There's a lot of heat on the topic of global poverty, but fundamentally a lot of agreement, too. Here is our attempt at a brief consensus position. We welcome agreement and opposition in the comments section below!
1. There is no single simple narrative of progress; much depends on the metrics we use. Both the proportion of people living in poverty as well as absolute numbers are important indicators. They tell us different things about the world.
2. There are many problems with the global income and consumption data—the underlying sources are imperfect and the aggregates rely on numerous methodological choices, which have often been made in inconsistent and/or non-transparent ways.
3. The $1.90/day (2011 PPP) line is not an adequate or in any way satisfactory level of consumption; it is explicitly an extreme measure. Some analysts suggest that around $7.40/day is the minimum necessary to achieve good nutrition and normal life expectancy, while others propose we use the US poverty line, which is $15.
4. Aggregate numbers can obscure diverse experiences. Even in cases where average incomes for a group have risen, many people within those groups have seen declining incomes.
If we nonetheless take the World Bank's PovcalNet data at face value:
5. The proportion of people living under $1.90 per day has declined significantly, but poverty as measured by $7.40/day has declined more slowly, from 70.8 percent in 1981 to 58.1 percent in 2013.
6. The absolute number of people living under $1.90/day has declined significantly, while the number of people living under $7.40/day has risen—from 3.19 billion in 1981 to 4.16 billion in 2013.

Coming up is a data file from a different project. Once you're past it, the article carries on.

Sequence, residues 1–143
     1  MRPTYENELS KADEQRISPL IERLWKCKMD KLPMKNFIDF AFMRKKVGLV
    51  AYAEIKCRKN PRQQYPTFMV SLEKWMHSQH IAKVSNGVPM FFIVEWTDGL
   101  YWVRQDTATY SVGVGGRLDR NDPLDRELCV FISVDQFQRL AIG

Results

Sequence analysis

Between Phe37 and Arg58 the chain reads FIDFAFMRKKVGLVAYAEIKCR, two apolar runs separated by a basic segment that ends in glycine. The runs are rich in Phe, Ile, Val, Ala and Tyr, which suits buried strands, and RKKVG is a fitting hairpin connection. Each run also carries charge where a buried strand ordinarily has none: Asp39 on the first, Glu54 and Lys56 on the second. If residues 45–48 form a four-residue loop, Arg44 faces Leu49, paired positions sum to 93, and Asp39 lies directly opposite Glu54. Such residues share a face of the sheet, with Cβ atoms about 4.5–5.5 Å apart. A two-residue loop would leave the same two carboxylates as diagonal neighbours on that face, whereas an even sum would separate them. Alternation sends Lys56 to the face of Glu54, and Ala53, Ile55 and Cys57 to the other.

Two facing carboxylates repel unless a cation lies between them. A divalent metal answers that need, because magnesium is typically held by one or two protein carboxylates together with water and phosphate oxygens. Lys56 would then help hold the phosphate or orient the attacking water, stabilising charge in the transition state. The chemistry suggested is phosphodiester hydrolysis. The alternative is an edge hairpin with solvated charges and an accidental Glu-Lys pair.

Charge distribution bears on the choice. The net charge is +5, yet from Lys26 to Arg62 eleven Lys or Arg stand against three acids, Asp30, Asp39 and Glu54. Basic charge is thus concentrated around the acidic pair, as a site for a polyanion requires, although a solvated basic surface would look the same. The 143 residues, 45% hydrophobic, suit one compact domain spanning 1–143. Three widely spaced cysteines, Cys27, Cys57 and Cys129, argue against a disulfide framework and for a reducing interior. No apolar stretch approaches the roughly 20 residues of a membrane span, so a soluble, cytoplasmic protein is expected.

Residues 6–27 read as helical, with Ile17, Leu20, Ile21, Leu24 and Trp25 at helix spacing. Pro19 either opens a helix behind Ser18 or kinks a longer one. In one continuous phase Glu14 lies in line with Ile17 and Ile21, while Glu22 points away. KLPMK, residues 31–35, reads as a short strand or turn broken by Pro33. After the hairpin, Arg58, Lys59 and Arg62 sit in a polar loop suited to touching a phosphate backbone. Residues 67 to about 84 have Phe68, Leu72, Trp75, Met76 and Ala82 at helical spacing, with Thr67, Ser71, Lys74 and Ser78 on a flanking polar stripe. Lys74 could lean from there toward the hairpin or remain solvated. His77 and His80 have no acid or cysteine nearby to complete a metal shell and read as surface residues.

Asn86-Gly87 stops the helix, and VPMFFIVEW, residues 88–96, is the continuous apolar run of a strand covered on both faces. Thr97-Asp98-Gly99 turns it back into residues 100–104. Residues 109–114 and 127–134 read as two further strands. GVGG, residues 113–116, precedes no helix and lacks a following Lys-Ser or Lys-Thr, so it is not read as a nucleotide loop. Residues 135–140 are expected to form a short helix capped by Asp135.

7. The average consumption of people below both the $1.90 and $7.40 poverty lines and above those lines has increased. The “poverty gap” (the average distance below the poverty line) has been shrinking.
These trends need to be distinguished by period and by region:
8. Between 1981 and 2002 most of the gains against global poverty at $7.40/day came from East Asia and the Pacific: in that region, poverty declined from 98 percent to 88 percent while it increased in the rest of the world. At $1.90, the proportion in poverty in East Asia fell from 81 percent to 30 percent. China drove most of these gains. In the rest of the world, the poverty rate was almost unchanged.
9. Since 2002, every developing region has seen a decline in the proportion of people living under both $1.90 and $7.40, although the Middle East, South Asia, and sub-Saharan Africa have seen a rise in the absolute number of people living under $7.40/day.
A few words of caution:
10. Income and consumption does not tell us the whole story about poverty. Poverty is multi-dimensional, and some aspects of human well-being can be obscured by consumption figures.
11. The present rate of poverty reduction is too slow for us to end $1.90/day poverty by 2030, or $7.40/day poverty in our lifetimes. To achieve this goal, we would need to change economic policy to make it fairer for the world’s majority. We will also need to respond to the growing crisis of climate change and ecological breakdown, which threatens the gains we have made.
12. Ultimately, the more morally relevant metric is not proportions or absolute numbers, but rather the extent of poverty vis-a-vis our capacity to end it. By this metric, the world has much to do—perhaps more than ever before.